Mama Gourd

gourdosAny of you readers have your own gourd garden?  If you did, would it even cross your mind that a gourd could become a piece of art?  If you answered NO to both questions, then you are not alone.  That is why I was blown away by Lisa Meehan and her darling gourds that are as detailed and intriguing as a piece of fine art.

I ran into Lisa at a recent Hometown Fair.  I had all three of my boys with me, complaining that I was making them shop before heading over to win $50 bucks worth of junk at the kids booths.  I came upon the Mama Gourd booth and was drawn in…like a moth to a flame (wait isn’t that a janet jackson song?).  The minute I laid my eyes on all of these gourds, I wanted to own every one of them.  It is difficult to explain how special these gourds are: each one with their own personality, carefully hand-crafted, and competing with one another to be the most whimsical.

As I stood there contemplating which gourd to buy, I got to talking to Lisa for a minute.  As my kids touched and tipped every gourd in her booth, I panicked at the thought of one of them becoming dismembered (the gourds that is, not my kids). Lisa, was not phased by kids knocking her art around…she told me that she had kids about the same age and the gourds were accustomed  to being roughed up. But, before something bad could happen with these delicate beauties, I snatched up a gourd disguised as a witch and headed off with the kids to win a fish.

After I spent a couple of weeks with my little witch admiring all the little things that had gone unseen initially: including her hat cut with ric-rac sissors, her trick-o-treat bag shaped as a candy corn and her striped costume with tiny “stitches” painted on it, I had to get on the phone and call Lisa (thank goodness I had her business card).  Not only did I want to share how happy I was with my with my gourd, but I also wanted to hear her story.   How on earth did she hatch this idea of painting gourds…

Lisa, started her career with a degree in illustration.  She worked free lance out of her home and had always thought that hers would be an ideal situation when she decided to have kids.  Shortly thereagter, she was pregnant and gave birth to her first daughter in 2001.  But, working from home with a newborn proved difficult.  She found herself not being able to get work done with the constant demands of a newborn baby in the home.  Her decision to turn down new free-lance jobs was a difficult decision.  When she said that she found herself feeling stretched so that she wasn’t doing her best job as a mother, artist or wife…her words sounded so familiar that I could have spoken them myself.  By the time she got her bearings with her first bundle of joy, she was expecting her second baby and free-lance work was impossible to accept.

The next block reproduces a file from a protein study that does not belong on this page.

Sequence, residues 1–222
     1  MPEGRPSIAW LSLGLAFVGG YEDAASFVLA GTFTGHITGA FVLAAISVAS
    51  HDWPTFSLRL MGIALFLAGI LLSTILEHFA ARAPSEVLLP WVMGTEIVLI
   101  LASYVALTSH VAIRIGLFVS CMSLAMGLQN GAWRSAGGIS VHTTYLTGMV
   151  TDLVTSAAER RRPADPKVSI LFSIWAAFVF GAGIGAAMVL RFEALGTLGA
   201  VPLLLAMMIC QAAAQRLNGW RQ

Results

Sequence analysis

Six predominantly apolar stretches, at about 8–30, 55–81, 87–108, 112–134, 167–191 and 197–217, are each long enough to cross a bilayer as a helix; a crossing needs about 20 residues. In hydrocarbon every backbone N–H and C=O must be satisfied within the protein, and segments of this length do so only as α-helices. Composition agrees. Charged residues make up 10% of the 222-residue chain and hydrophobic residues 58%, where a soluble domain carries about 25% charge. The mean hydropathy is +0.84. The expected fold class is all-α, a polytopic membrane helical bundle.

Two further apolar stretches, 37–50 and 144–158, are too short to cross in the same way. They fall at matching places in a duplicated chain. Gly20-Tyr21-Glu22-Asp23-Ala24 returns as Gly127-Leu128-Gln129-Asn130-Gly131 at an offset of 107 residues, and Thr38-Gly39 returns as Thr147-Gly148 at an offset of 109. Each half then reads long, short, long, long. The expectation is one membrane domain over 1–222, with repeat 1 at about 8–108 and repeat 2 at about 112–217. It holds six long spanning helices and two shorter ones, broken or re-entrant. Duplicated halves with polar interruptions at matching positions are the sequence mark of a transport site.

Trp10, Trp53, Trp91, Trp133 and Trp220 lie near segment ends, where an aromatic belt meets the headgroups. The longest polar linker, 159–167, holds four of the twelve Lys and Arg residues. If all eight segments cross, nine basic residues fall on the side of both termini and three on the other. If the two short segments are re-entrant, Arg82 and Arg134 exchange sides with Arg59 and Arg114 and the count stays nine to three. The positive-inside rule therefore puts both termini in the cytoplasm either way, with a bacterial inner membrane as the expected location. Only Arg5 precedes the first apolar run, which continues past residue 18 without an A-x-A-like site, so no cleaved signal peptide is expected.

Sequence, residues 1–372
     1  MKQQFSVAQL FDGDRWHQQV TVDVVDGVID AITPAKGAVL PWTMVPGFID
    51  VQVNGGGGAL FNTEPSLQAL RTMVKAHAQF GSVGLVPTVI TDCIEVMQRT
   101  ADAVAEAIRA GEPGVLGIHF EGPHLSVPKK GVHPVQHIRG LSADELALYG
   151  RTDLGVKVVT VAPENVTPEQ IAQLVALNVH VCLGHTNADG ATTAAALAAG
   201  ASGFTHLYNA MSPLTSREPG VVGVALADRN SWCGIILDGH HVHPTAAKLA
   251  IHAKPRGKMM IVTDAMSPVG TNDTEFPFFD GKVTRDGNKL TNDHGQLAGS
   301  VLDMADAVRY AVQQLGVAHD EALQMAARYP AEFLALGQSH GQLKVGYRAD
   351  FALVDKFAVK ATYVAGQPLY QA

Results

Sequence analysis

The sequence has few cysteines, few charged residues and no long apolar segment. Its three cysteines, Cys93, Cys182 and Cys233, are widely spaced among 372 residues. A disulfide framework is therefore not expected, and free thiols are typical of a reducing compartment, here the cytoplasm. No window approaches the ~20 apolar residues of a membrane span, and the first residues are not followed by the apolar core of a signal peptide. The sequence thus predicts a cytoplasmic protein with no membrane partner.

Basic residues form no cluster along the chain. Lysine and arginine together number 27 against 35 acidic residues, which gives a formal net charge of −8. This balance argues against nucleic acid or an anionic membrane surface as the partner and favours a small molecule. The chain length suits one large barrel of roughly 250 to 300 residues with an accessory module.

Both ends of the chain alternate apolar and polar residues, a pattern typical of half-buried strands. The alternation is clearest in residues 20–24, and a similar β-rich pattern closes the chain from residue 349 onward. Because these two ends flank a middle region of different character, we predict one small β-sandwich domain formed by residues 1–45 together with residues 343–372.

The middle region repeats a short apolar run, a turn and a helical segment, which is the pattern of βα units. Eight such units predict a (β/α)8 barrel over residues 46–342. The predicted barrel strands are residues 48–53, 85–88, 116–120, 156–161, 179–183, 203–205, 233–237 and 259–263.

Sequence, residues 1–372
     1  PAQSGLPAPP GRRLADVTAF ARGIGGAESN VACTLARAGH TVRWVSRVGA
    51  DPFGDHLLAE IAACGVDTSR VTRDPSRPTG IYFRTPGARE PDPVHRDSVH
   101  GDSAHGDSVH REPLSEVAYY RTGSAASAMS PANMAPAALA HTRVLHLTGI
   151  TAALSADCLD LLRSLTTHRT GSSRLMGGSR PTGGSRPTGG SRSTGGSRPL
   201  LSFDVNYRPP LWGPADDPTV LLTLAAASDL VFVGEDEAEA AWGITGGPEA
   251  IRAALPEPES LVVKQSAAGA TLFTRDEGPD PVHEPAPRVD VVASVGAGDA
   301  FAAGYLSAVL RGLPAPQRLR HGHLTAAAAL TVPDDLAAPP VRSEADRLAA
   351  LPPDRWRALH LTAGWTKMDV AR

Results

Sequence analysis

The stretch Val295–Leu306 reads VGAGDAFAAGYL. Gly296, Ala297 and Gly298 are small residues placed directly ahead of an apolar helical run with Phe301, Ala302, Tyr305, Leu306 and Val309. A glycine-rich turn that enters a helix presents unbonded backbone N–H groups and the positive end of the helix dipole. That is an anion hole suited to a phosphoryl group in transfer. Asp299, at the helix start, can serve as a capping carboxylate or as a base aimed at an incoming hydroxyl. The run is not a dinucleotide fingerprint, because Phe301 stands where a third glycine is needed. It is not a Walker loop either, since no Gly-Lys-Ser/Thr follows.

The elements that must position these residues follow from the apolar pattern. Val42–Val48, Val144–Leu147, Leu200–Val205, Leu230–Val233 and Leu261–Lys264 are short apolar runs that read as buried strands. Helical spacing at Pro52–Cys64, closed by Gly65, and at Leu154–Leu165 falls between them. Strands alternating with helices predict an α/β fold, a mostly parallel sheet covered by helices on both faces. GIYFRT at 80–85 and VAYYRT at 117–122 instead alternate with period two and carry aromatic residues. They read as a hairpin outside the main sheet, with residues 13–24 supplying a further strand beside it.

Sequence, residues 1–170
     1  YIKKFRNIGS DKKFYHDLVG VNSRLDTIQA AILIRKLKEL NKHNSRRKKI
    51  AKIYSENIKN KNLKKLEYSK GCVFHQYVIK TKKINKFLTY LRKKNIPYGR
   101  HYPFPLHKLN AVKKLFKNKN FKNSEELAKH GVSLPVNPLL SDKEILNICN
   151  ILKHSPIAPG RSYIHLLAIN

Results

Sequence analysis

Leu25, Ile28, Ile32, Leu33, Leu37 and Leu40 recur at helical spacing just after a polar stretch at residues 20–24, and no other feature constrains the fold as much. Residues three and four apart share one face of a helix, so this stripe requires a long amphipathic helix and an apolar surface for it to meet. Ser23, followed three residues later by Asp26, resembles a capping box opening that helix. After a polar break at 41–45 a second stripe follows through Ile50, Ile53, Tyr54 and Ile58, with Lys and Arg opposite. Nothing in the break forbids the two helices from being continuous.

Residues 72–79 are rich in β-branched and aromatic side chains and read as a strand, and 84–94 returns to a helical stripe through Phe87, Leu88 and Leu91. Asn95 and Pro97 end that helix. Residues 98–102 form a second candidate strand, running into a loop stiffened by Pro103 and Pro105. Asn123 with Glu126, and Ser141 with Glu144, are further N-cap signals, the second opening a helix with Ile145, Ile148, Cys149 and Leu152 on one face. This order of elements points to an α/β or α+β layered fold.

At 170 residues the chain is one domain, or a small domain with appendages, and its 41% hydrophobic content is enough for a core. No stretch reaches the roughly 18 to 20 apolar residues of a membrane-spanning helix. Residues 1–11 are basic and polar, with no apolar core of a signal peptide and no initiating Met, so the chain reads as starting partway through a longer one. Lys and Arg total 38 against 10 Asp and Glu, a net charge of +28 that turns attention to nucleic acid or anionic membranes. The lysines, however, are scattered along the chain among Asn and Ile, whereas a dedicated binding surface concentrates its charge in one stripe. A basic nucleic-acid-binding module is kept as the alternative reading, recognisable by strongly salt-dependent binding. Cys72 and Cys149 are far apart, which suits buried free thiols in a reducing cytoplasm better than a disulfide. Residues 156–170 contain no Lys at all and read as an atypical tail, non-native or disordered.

But it wasn’t long before Lisa felt that itch.  That twinge to do something creative again.  One day she found a nice round gourd that she had grown in her garden and decided to paint it as a pumpkin.  It turned out so cute, she painted a few more and took them to her local Farmer’s Market (she lives in Fallbrook, CA- I had to google it myself).  This doesn’t surprise me in the least, but her pumpkins sold in an instant- and Lisa was happy to contribute her profits to the family’s bottom line.  This got her creative juices flowing and she began to expand her creations.   Eventually, she got to talking to another friend/artist who created pottery to sell throughout the state by attending local fairs and farmer’s markets.  Lisa heard about the Manhattan Beach Farmer’s market and decided to apply for a booth.  This year was her first year and she sold almost every gourd she showed.

The average gourd takes weeks to transform into their final character; and, that excludes the time that it takes to grow them and dry them out!  Lisa has several characters in the works at any given time, she uses small stretches of time to work on some little details such as accessories and uses longer stretches of time for painting and paper maiche.

Of course there are always sacrifices.  Lisa hates to admit that she has given up distance running- but her joints are probably grateful.  She has moments that she feels guilty for not spending more time with her girls- but I  like to point out, that her girls are actually learning the value of hard work and how to explore creativity.  The upside, Lisa explains, is since this is her own business, she makes the utitmate decision of how many hours to dedicate each week.   There was a time that she had to set aside gourd production so that she could dedicate herself to a family need.   Even with her short break, she was still able to create art, just without the pressure of “quotas”.

I wanted to share Lisa’s story because she took a unique concept and turned it into a fulfilling business.  I had to tell her over the phone that she should go on Etsy or build a website or do something to spread her art.    That is the beauty of Lisa Meehan- she so enjoys her craft, that some overzealous customer like me probably confirms that she is already doing everything right.  She has decided to list her art on Etsy- the link will be forthcoming . The details in each piece are so important, it might be able to fully appreciate them online.     Lisa loves her creations- which is obvious once you get to see them- and she loves what she is doing.   A great lesson for me and all of you reading.

Happy Fall.  Positive thoughts!

2 thoughts on “Mama Gourd

  1. i too LOVED the gourds at hometown fair. i abstained from buying one because i don’t think i can pack away one more halloween decoration(i have four big bins). since i was good this year and didn’t come home with a bunch of things my husband never appreciates, i hope to find them next year—i won’t pass them up again!! i like Etsy too though, that’s a great idea kristin :)


  2. Pingback: Gourd Rack Char

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